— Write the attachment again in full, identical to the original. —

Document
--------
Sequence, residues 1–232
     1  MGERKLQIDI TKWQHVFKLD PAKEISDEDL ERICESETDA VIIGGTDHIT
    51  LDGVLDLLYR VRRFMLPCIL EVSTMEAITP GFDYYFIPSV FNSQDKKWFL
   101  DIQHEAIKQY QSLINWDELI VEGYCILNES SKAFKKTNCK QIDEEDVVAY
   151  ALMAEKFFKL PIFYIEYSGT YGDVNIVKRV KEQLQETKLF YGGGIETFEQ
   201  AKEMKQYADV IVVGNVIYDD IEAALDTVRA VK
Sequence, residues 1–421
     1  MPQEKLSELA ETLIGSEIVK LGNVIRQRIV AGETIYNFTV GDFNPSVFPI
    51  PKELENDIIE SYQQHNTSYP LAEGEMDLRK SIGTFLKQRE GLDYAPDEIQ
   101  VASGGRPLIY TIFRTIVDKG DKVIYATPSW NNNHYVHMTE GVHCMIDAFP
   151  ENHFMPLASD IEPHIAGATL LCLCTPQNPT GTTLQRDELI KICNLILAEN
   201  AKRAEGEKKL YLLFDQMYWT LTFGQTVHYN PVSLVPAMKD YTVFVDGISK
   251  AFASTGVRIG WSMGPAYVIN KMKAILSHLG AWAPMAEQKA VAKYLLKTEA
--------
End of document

Sequence, residues 1–232
     1  MGERKLQIDI TKWQHVFKLD PAKEISDEDL ERICESETDA VIIGGTDHIT
    51  LDGVLDLLYR VRRFMLPCIL EVSTMEAITP GFDYYFIPSV FNSQDKKWFL
   101  DIQHEAIKQY QSLINWDELI VEGYCILNES SKAFKKTNCK QIDEEDVVAY
   151  ALMAEKFFKL PIFYIEYSGT YGDVNIVKRV KEQLQETKLF YGGGIETFEQ
   201  AKEMKQYADV IVVGNVIYDD IEAALDTVRA VK
Sequence, residues 1–421
     1  MPQEKLSELA ETLIGSEIVK LGNVIRQRIV AGETIYNFTV GDFNPSVFPI
    51  PKELENDIIE SYQQHNTSYP LAEGEMDLRK SIGTFLKQRE GLDYAPDEIQ
   101  VASGGRPLIY TIFRTIVDKG DKVIYATPSW NNNHYVHMTE GVHCMIDAFP
   151  ENHFMPLASD IEPHIAGATL LCLCTPQNPT GTTLQRDELI KICNLILAEN
   201  AKRAEGEKKL YLLFDQMYWT LTFGQTVHYN PVSLVPAMKD YTVFVDGISK
   251  AFASTGVRIG WSMGPAYVIN KMKAILSHLG AWAPMAEQKA VAKYLLKTEA